- The product you create will be valued far lower than it should be.
- It’s more expensive because you don’t get trade discounts.
Most people tend to recognise the above pitfalls when it comes to building houses so rather than going it alone, they engage a good builder – better quality, less stress, faster completion… the choice is a no-brainer. Yet when it comes to finances, many people try to go it alone – or they do the equivalent of hiring an electrician to do the job of the builder (Asking their accountant or mortgage broker, or real estate agent for financial advice). Both of these options are fraught with danger, and there is a real risk that you may get the financial equivalent of this….
A Financial Advisor (or Planner) is the equivalent of your builder, and a good one will make your life a breeze. In fact, part of their role is helping you find and recruit the rest of your A-Team. We will become the central point for management of your overall Financial plans – and together we’ll engage the other members of your A-team from our amazing network of local experts.
Who can give financial advice:
The reason that a qualified financial adviser should be the first member of your A-Team is that they are the only member of the team legally allowed to provide personal financial advice. This means anyone providing personal financial advice needs to be an authorised representative of a company holding an Australian Financial Services Licence (AFSL). ASIC provides a list of qualified financial advisers here where you can view an adviser’s relevant training and qualifications, professional memberships, and whether they have had any disciplinary actions.
What a Financial Planner should do:
- Help you qualify & quantify your financial goals.
- Design a strategy to help you achieve them, comprised of the following elements
- Your Income Plan (including cashflow & taxation considerations)
- Your Debt Plan
- Your Investment Plan
- Your Retirement Plan
- Your Personal & Asset Protection Plan
- Your Succession & Estate Plan
- Implement your agreed plan & bring it to life.
- Engage with 3rd party financial service providers required to achieve your plan (solicitors for estate planning, Accountants for setting up business structures, or tax, Mortgage Brokers for finding the best bank for your Debt plan etc).
- Be a sounding board for life’s big decisions so that you remain on track to achieve your goals.
- Help you adjust course when you’re off track, and give you the confidence to spend & enjoy life when your goals are on track.
- Take the stress of financial management off your plate so you have more time to spend on what is important – enjoying life.
- Be transparent and consultative.
What a Financial Adviser shouldn’t do:
- Make your plan about “Financial Products” (They’re just not that important compared to the strategic elements of a plan).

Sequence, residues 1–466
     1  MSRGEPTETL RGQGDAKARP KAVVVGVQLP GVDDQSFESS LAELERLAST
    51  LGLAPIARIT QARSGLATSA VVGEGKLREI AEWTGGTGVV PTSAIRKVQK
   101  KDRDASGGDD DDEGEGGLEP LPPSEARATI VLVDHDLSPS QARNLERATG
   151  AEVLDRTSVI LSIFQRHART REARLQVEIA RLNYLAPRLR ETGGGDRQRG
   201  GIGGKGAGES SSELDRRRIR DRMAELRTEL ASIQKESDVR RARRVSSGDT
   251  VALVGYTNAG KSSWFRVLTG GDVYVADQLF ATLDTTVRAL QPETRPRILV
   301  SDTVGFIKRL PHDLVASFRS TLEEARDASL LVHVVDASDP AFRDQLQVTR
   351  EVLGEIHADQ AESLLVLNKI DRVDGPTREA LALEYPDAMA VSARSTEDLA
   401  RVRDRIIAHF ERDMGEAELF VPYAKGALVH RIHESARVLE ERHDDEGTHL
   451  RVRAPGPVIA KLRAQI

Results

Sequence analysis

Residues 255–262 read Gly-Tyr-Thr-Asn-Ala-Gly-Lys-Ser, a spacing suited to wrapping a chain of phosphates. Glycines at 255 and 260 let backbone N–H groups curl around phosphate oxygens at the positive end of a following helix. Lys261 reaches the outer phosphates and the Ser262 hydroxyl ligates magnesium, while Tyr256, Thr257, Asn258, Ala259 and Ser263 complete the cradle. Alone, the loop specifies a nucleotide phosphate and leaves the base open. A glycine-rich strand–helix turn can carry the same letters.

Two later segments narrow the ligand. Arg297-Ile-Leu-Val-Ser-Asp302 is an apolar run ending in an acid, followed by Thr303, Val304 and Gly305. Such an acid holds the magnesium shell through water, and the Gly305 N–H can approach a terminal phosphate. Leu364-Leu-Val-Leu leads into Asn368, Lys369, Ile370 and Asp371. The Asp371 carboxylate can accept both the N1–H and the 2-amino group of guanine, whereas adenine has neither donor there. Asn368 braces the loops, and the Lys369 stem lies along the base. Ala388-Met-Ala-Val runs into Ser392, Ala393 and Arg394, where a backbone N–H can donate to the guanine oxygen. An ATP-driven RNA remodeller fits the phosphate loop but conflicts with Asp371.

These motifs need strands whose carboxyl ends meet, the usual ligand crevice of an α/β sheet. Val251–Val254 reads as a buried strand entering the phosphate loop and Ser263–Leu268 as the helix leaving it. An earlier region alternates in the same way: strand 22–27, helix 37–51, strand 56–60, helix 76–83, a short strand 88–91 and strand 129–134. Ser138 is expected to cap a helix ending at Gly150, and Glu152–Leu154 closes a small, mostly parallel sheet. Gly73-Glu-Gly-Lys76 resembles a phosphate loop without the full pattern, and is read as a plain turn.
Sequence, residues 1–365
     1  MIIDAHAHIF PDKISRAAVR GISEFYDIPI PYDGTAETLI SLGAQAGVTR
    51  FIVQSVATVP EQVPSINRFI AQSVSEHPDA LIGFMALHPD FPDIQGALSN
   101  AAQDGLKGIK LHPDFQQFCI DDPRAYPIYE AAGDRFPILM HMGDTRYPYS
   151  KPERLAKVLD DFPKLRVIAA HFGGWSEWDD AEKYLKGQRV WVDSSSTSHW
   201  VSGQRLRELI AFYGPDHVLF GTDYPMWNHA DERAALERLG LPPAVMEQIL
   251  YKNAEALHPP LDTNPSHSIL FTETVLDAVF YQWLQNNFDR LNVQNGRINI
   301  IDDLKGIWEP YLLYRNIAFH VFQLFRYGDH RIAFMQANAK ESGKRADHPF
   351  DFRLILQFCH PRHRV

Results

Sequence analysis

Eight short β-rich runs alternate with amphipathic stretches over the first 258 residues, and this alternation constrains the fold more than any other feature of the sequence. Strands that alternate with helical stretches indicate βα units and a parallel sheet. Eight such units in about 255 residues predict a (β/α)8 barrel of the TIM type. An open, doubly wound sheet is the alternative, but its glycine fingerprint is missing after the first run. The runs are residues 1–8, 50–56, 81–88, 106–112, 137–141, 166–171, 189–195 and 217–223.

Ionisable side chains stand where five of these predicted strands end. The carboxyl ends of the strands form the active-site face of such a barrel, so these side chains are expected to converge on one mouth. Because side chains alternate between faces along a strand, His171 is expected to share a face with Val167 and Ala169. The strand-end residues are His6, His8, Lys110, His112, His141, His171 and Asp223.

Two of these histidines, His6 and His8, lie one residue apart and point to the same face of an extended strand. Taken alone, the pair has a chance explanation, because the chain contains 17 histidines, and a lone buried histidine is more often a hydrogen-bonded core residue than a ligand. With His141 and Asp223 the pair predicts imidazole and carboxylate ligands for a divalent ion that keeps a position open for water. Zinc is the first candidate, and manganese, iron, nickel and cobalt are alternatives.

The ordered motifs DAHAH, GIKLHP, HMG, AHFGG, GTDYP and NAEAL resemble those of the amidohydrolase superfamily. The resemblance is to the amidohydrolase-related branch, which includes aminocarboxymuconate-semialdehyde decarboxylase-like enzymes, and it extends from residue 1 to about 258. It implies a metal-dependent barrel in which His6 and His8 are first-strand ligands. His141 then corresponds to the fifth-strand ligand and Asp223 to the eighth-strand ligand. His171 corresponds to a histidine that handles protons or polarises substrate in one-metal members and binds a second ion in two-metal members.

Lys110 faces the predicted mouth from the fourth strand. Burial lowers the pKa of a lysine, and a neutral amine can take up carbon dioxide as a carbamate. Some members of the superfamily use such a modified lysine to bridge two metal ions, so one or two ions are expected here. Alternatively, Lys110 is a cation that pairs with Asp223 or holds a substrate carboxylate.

- Sound like a salesperson – run a mile.
- Promise you outrageous investment returns (if it sounds too good to be true it usually is).
- Be an ‘order taker’ – they should be consultative and consider your choices & preferences, but if you’re just asking them to implement your strategy… they’re not going to be adding much value. Let them advise.
- Pretend to be an expert at everything – some advisers do have amazing technical expertise across various elements of advice, but they also need to be experts at choosing experts.
- Add complexity for complexity’s sake – there is beauty in simplicity. A good adviser can make the complex simple, a bad one might use complexity to bamboozle and frame themselves as a technical expert that you “need”.
How do you find the right Financial Planner?
- Many advisers will offer a free initial consultation – we call it a “Right Fit Meeting” – an opportunity to meet face-to-face, to see if you have a need we can help with, to make sure we can out you in a better position, and to see whether we share the same beliefs and values.
- Use this meeting to see if the adviser is someone you feel comfortable sharing your thoughts, feelings, and finances with.
- Trust is important – do you feel like the adviser is trustworthy, has care, and empathy. Are they truly trying to understand what is important to you, and do they have your best interests at heart?
- Make sure they clearly articulate what they do, how they do it, and how it will help you. If an adviser can’t clearly articulate their value proposition how will they help you gain clarity and make the complex simple?
- Use Google reviews to see what clients have to say about the adviser or business.
Take the first Step in building your A-Team:
You can read all about CHG Wealth, and our advisers Saul & Lisa at our Financial Advice & Wealth Management page. You can also read about who we work with, and our advice process. Your first meeting is absolutely free, so don’t hesitate to book a discovery meeting to see if you can find the first (and most critical) member of your A-Team.
Next installment we’ll meet the 2nd member of your A-Team – Your Account for a deeper dive into what they do, what they don’t do, and how to find a good one.